LONDON: Tesco Plc chief executive officer Dave Lewis (pic) is stepping down next summer and will be succeeded by a surprise choice, Walgreens Boots Alliance Inc’s Ken Murphy.
Lewis, 54, will leave the UK’s largest retailer after a turnaround that began when he joined Tesco in 2014 in the wake of a massive accounting scandal. Since then he’s leveraged the company’s position as UK grocery market leader to boost profits despite consumer jitters over Brexit, the shift to online shopping and competition from discounters Lidl and Aldi.
While there’s been speculation that Lewis was ready to move on, the 52-year-old Murphy is a dark-horse choice to succeed him.
The spotlight previously was on internal candidates such as Charles Wilson, former chief of wholesaler Booker, which Tesco acquired last year. But he stepped down from his role running the retailer’s UK arm after being diagnosed with cancer.
Tesco shares rose 1.1% in London on Tuesday, reversing early losses, after the company reported first-half operating that beat analysts’ estimates.
While Lewis’s turnaround is complete, “the bigger question is why Tesco overlooked an array of internal candidates for the new CEO position and have gone outside and appointed Ken Murphy from Boots (a.k.a. ‘Ken who?’), ” said Nick Bubb, an independent retail analyst.
Murphy worked at Boots UK & Ireland before rising to chief commercial officer and president of global brands at Walgreens Boots, the trans-Atlantic drugstore operator formed through a merger.
Lewis, who joined the retailer from consumer-goods giant Unilever, said on a call that he’s not leaving for another job. Five years ago “there was a lot of pressure, financially and in terms of the relationship that the brand had with consumers, ” he said. “The business is now healthy, vibrant and there’s a real energy.”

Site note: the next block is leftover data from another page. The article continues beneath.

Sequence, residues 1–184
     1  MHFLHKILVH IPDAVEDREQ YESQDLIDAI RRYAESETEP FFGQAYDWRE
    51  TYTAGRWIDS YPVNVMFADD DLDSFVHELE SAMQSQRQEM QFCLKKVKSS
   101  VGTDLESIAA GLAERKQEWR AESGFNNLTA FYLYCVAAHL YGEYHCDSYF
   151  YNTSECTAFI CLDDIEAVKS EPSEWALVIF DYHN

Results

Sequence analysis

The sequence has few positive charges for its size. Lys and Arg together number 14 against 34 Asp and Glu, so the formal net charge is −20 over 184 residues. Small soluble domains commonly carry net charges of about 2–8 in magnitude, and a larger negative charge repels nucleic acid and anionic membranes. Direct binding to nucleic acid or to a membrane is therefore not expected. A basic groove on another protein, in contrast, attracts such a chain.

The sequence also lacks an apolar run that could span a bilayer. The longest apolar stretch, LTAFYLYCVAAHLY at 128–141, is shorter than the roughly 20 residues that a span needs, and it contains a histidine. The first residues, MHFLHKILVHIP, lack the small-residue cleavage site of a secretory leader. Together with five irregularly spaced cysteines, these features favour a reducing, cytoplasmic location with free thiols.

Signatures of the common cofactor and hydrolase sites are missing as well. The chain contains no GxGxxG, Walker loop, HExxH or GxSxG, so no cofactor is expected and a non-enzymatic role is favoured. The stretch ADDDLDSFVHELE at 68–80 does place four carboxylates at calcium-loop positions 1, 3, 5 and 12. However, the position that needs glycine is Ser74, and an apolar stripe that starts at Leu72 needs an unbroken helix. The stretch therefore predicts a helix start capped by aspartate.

Tesco said Lewis informed chairman John Allan some time ago about his desire to move on, sparking an orderly succession process. Wilson did not want to be considered for the top job, Allan said on the call.
Under Lewis, Tesco has been streamlining its store operations, cutting thousands of jobs and closing fresh-food counters in some U.K. outlets while starting a discount brand called Jack’s.
The company ended a short-lived foray into the US before the CEO’s arrival, and he continued the international retrenchment by selling South Korean and Turkish operations, while eyeing expansion in markets like Thailand.
On the call, Lewis confirmed a Bloomberg report that Tesco has been weighing options for its Polish business. Tesco last month agreed to sell its mortgage portfolio to Lloyds Banking Group Plc.
“Investors may see scope for more restructuring, whether through continued cost efficiency, products and supply-chain optimisation, as well as turnaround in some of its geographies outside the UK, ” Morgan Stanley analyst Maria-Laura Adurno said in a note.
Along with the CEO succession, Tesco announced a deal to boost the Booker wholesale business, agreeing to acquire Best Food Logistics. The company, which supplies clients like Pret A Manger, KFC and Burger King, will add £1.1bil in food-service sales, Tesco said.
Tesco shares have gained 26% this year. They’ve returned about 2.1% a year since Lewis took the helm in 2014, according to data compiled by Bloomberg, compared with an 11% annual decline under his predecessor, Philip Clarke.
Walgreens Boots Alliance shares have fallen around 20% so far this year. In the UK, the Boots chain has said it will close 200 of its 2,500 stores and dismiss 350 employees at its headquarters. Last year, operating profit slumped 22% to a near-decade-low of £391mil (US$479mil).
The announcement of the new CEO came as Tesco reported a half-year sales decline of 0.4%, hurt by comparisons with a year earlier when hot weather, the soccer World Cup and royal wedding boosted results. Operating profit beat analysts’ estimates. — Bloomberg